Policy management best practices

05 March 2018

Policy management best practices

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Every governance, risk and compliance person, regardless of the type of business they work for, wants their policies to be read and understood by their employees, customers and suppliers. So, what are the policy management best practices?

Because let's face it - most employees probably aren't engaging with your policies. Afterall, you wouldn't be getting so many repeated mistakes and issues if they had really read and understood your policies. 

When it comes to creating and managing policies, we always have a strategy for raising awareness, getting everyone onboard and making real business improvement. 

In this article, we share our 7 top tips for creating policies that are effective and engaging.

1) Establish a process for creating policies

Create a process for creating policies.

Determine what policies are needed. Typical business policies: 

  • Electronic device policy
  • Flexible working policy
  • Risk management policy
  • Quality policy
  • Information security¬†
  • Business continuity and disaster recovery planning
  • Ethical policy
  • Equal opportunities policy
  • Data protection policy¬†
  • Health and safety policy
  • Standardise a template for the processes and procedures. This way there is a common look and feel to all the documentation.

2) Don't do it on your own

All of your policies should have an official owner. But that does not mean you have to do everything. For example, get relevant departments to be part of the approval cycle before the policy goes live. Below is an example of how this works in our software. 

Give employees ownership, assign responsibility and create the processes and procedures with the staff members who are doing the work. This way your team feel involved and empowered and more likely to share any ideas or risks.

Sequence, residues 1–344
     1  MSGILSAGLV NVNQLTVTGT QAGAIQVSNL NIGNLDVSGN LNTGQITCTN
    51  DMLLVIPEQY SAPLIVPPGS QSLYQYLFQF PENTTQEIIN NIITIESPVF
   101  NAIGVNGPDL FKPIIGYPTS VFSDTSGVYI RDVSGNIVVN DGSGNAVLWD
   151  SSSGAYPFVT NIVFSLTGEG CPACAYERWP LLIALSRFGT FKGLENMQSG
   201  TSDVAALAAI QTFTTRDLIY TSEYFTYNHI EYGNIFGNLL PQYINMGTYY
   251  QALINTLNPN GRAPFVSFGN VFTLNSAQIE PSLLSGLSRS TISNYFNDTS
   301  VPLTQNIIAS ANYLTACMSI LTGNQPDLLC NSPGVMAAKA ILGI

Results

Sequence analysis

3) Link between policies

Create good links between different policies and documents where relevant. This will encourage users to read around and you can improve views of your policies by up to over ten times.

 4) Make your policies really simple

Good communicators make themselves look smart. Great communicators make their audiences feel smart.

First, read this. Now the rule is to keep your policies as simple as possible.

5) Cater for different learning styles 

When you are writing a policy, first and foremost you are becoming a teacher. Good teachers cater to different learning styles. For example, create process flow diagrams to support the written processes or a visual representation often aids understanding, or, if you have the time, create a video / webinar or audio recording to go with the written policy.  

6) PDCA 

Always remember that as well as planning and implementing the policies, that you are also discussing and reviewing the processes during your audit schedule. 

7) Use our software to manage all of your policies

Your policies should not be dispersed, nor should they only exist on paper. For your policy management best practices, you need a system which provides a framework for managing and controlling your policies. Find out how one of our customers improved the way they managed their policies by using our software to facilitate virtual document management.

Written by

Alexander Pavlovińá

Alex produces targeted content to help Ideagen’s readers and customers navigate the complex world of quality, governance, risk and compliance.

Alex has worked with brands such as BT, Sodexo and Unilever and is passionate about helping businesses build a cohesive, collaborative culture of quality.

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